Chambers has a rich history of winning awards in our specialist areas as well as individuals being recognised for excellence. Most recently, John Hendy QC was awarded the prestigious Lifetime Achievement Award at the UK Chambers Bar Awards 2018. Stuart Brittenden was named The Legal 500 UK Employment Junior of the Year 2018.
LTL 2/3/2001,  Emp LR 159, Daily Telegraph, November 7, 2000, Employment Appeal Tribunal - Ijeoma Omambala
Lack of awareness of an investigation into an applicant's alleged fraud was not detriment for the purposes of s.4(2)(c) Race Relations Act 1976. For a claim to succeed there had to be some practical manifestation of racial discrimination.
The local authority ('L') appealed against an employment tribunal's decision, promulgated on 14 May 1999, that it had racially discriminated against the respondent ('W'), a Nigerian woman. W cross-appealed findings that there had been no racial discrimination in respect of treatment by her line manager and of an initial failure to inform her that a fraud investigation would not proceed. The employment tribunal rejected W's complaint that she had been unfairly dismissed. Shortly before the investigation in W's activities, another Nigerian was investigated by L for fraud and was dismissed. W had been employed as a housing benefits rents team manager by L for just over seven years. In 1996 L's housing benefit investigation team was informed that W had, in her previous employment with another local authority in London, been subject to a housing benefit fraud investigation. W was subsequently investigated by L and found to have made an application for a tenancy incentive scheme grant from the Paddington Churches Housing Association in which she had failed to declare, as she should have done, personal proprietary interests in Tottenham. The investigator reported his findings to the Director of Regeneration and Housing for L who concluded that there was insufficient evidence to require a disciplinary hearing. Normally such investigations were directed at tenants as opposed to officers. At issue was whether L had stereo-typed Nigerians as likely to be involved in Housing Benefit fraud. The employment tribunal found that, irrespective of W's race, she would have been investigated once the previous investigation into her had come to light and that the conclusion that W had acted fraudulently was reasonable.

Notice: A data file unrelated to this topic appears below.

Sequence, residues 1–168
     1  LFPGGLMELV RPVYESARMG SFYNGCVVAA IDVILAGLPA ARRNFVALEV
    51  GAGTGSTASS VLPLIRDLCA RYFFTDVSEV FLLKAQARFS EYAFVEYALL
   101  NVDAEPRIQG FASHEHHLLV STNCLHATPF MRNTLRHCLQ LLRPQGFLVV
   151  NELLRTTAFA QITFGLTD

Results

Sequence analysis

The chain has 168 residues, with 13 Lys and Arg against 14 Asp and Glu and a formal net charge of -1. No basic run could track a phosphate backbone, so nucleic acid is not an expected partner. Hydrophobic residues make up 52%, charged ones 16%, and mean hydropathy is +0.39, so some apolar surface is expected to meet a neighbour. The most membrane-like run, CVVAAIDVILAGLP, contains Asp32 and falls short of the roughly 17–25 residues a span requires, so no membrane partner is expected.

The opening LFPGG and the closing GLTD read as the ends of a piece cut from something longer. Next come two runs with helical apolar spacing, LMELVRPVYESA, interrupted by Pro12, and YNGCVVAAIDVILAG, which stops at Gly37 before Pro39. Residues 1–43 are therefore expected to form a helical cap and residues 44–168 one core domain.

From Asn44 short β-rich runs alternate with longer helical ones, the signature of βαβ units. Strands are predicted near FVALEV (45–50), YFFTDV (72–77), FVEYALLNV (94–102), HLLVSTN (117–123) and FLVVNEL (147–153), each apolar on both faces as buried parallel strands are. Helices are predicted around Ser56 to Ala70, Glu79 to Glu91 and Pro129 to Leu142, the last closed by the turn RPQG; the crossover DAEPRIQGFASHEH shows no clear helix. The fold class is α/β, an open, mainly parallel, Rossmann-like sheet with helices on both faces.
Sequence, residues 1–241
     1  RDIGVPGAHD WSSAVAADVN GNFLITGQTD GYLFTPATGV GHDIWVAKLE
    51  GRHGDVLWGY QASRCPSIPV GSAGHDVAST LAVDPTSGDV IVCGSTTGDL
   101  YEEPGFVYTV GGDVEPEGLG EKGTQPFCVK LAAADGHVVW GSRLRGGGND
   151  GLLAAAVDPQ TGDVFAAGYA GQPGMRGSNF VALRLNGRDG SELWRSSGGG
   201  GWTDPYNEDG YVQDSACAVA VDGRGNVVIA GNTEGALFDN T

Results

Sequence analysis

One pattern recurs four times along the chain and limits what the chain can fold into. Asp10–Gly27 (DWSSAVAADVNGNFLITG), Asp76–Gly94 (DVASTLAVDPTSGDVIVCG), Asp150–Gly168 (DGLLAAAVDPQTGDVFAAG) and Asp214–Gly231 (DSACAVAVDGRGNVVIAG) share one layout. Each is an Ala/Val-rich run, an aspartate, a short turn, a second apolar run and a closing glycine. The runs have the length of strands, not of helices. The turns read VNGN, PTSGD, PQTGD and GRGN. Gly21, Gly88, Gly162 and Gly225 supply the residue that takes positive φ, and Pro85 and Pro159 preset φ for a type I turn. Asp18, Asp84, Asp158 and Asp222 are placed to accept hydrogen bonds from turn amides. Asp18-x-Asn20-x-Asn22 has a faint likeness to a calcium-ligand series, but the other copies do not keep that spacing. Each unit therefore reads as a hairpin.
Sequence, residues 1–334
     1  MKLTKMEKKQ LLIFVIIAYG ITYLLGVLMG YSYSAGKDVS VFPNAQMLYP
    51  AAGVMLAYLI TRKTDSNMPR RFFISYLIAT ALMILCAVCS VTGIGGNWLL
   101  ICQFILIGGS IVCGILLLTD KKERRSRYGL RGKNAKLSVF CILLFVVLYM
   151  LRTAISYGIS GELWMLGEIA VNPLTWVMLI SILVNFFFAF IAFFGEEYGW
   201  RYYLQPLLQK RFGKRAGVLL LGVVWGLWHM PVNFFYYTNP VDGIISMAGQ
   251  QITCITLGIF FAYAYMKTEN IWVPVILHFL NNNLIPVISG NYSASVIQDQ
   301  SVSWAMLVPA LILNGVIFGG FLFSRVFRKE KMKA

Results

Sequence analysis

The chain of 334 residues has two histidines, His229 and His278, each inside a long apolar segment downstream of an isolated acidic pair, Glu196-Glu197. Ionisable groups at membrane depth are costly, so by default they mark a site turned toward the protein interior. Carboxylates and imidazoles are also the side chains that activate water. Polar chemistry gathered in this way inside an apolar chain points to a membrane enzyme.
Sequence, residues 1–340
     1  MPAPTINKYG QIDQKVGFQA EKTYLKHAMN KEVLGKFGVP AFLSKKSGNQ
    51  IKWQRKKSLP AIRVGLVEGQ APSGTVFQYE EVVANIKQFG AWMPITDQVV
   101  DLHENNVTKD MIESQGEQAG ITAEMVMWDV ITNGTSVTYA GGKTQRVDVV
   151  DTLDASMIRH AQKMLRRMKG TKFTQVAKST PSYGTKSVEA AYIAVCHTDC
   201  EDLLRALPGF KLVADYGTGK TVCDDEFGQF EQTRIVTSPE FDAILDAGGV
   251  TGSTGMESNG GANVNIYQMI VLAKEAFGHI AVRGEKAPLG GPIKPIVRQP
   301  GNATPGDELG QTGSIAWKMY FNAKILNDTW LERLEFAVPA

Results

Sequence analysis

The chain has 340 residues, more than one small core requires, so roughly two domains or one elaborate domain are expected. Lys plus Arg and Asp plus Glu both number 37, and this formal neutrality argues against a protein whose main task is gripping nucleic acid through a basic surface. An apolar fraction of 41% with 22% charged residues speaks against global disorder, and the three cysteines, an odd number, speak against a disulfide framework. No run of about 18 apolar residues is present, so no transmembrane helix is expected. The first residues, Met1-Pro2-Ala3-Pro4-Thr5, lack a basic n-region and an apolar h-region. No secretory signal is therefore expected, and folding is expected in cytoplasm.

However it further found that L had discriminated against W by using a special investigator rather than an ordinary investigator and that W had been the subject of a detriment because of her ethnic origin in that she had not been aware of the ongoing investigation that should have terminated at an earlier date. L submitted in its appeal that there had been no grounds for the employment tribunal to conclude that W had been treated differently on the grounds of race or, if there were such grounds, that W had suffered no detriment within the meaning of s.4(2)(c) Race Relations Act 1976. W submitted in her cross-appeal that the employment tribunal misdirected itself as to what constituted a detriment within the meaning of s.4(2)(c).
HELD: (1) The inference of racial discrimination that the employment tribunal drew from the appointment of a special investigator into W's activities was not "wholly impermissible" or perverse, even though other inferences could have been drawn in the circumstances. This was a case that involved allegations of racial stereotyping. The law did not require W to be able to point to another employee of L to demonstrate that in the absence of stereotyping the disadvantageous treatment did not occur. (2) S.1 of the Act defined race discrimination. S.4(2)(c) provided that it was unlawful to discriminate against an employee on racial grounds by dismissing him "or subjecting him to any other detriment". W's case lacked evidence of, and consequently the employment tribunal made no findings on, any disadvantage caused to her because of her lack of awareness of the ongoing nature of the investigation into her alleged fraud. There had to be some practical manifestation of racial discrimination for a claim based on it to succeed. Since the employment tribunal failed to find any such detriment to W, L's appeal had to succeed. (3) W's cross-appeal failed because the employment tribunal found that the investigation was commenced for reasons other than W's ethnicity. (4) Since W had failed to discharge the burden of proof her complaint was dismissed.